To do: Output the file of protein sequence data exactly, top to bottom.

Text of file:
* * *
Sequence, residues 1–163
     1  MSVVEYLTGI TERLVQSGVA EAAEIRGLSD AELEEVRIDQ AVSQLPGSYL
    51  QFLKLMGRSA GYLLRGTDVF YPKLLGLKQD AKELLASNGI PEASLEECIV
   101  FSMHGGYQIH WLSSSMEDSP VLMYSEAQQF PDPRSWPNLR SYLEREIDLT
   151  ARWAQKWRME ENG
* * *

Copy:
Sequence, residues 1–163
     1  MSVVEYLTGI TERLVQSGVA EAAEIRGLSD AELEEVRIDQ AVSQLPGSYL
    51  QFLKLMGRSA GYLLRGTDVF YPKLLGLKQD AKELLASNGI PEASLEECIV
   101  FSMHGGYQIH WLSSSMEDSP VLMYSEAQQF PDPRSWPNLR SYLEREIDLT
   151  ARWAQKWRME ENG